Transport Secretary Andrew Adonis has announced government plans to improve the green credentials of the UK’s transport networks. Through the introduction of a number of new ambitious schemes, it is hoped that the carbon emissions caused by transportation within the UK can be significantly reduced.
Tag Archives for greenhouse gases
After three years of campaigning for stronger commitments in reducing carbon emissions, Stop Climate Chaos Scotland’s work has paid off. On 24th June the Scottish Parliament announced that Scotland would be implementing its own Climate Bill; one that gives a stronger commitment to cutting CO2 emissions than any other act around the world.
Following the intervention of President Barack Obama signing a Presidential Memorandum requesting the Environmental Protection Agency to review the decision to deny the greenhouse gas waiver request submitted by California. The waiver will apply to California’s greenhouse gas emission standards for vehicles produced in 2009.
A study of literature reporting on the oxidation of methane in various soil types has shown that the process is successfully removing more carbon emissions than first thought. Microbial oxidation is the process that takes place as a result of microscopic bacteria living in the top soil covering used to cap landfill sites, and helps reduce the amount of methane and other harmful gases being released into the atmosphere.
An article by scientists Andrew Dessler and Steven Sherwood was published on Thursday in ‘Science’, and brings a new area for discussion regarding the issue of global warming to the forefront.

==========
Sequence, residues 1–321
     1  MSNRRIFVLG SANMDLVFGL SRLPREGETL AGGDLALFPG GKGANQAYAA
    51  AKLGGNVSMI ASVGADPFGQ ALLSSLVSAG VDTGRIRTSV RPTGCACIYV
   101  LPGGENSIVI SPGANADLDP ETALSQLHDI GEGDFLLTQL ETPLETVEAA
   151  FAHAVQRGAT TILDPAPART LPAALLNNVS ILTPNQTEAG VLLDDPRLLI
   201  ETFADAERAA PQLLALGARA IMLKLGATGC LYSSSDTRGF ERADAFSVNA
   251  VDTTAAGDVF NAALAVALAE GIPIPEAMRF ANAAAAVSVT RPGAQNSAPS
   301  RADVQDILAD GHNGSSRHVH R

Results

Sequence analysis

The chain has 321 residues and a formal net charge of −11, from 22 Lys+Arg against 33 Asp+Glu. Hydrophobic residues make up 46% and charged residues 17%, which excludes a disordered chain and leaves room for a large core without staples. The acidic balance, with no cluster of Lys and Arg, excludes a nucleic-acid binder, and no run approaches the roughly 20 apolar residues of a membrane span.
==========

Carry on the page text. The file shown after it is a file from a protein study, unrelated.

The article discusses the role that water vapour plays in the warming of the planet, and adds to the controversial disputes about whether global warming would have happened and be happening anyway, with or without human activity’s contribution.
Although it is true that the evaporation of water would occur anyway, the high amounts of CO2 released into the atmosphere every day by industrial processes and their effect on accelerating the speed at which the planet’s temperature is rising will inevitably cause more evaporation and therefore a higher level of water vapour in the Earth’s atmosphere. Therefore by continuing to release carbon emissions at our current rate, we are not only adding to levels of carbon dioxide in the atmosphere, but as result of a feedback reaction, means our actions are having twice the impact we may have first thought.
According to New Scientist, 50% of greenhouse gases are made up of water vapour, with CO2 being 20% by comparison. It may be easy considering this to think that if the water vapour is the bigger problem, why is everybody so worried about reducing CO2 levels in the first place, however the problem with carbon dioxide it that the level present builds up over a much longer period of time. The action we take now will not be seen immediately, but will be more a preparation for the future to try and prevent levels from spiraling out of control.
Of course there are also other contributors to the greenhouse effect, such as CFCs and methane, and their effects compared to the same amount of CO2 are much more destructive. The difference, however, is that the amount of CO2 is so much higher that the other gases are almost insignificant by comparison, so in light of this, the importance of continued campaigning to reduce the carbon emissions of the planet of a whole really is the best way forward to hopefully ensure a future for the human race.
More about the case for water vapour vs carbon dioxide can be found on the New Scientist website.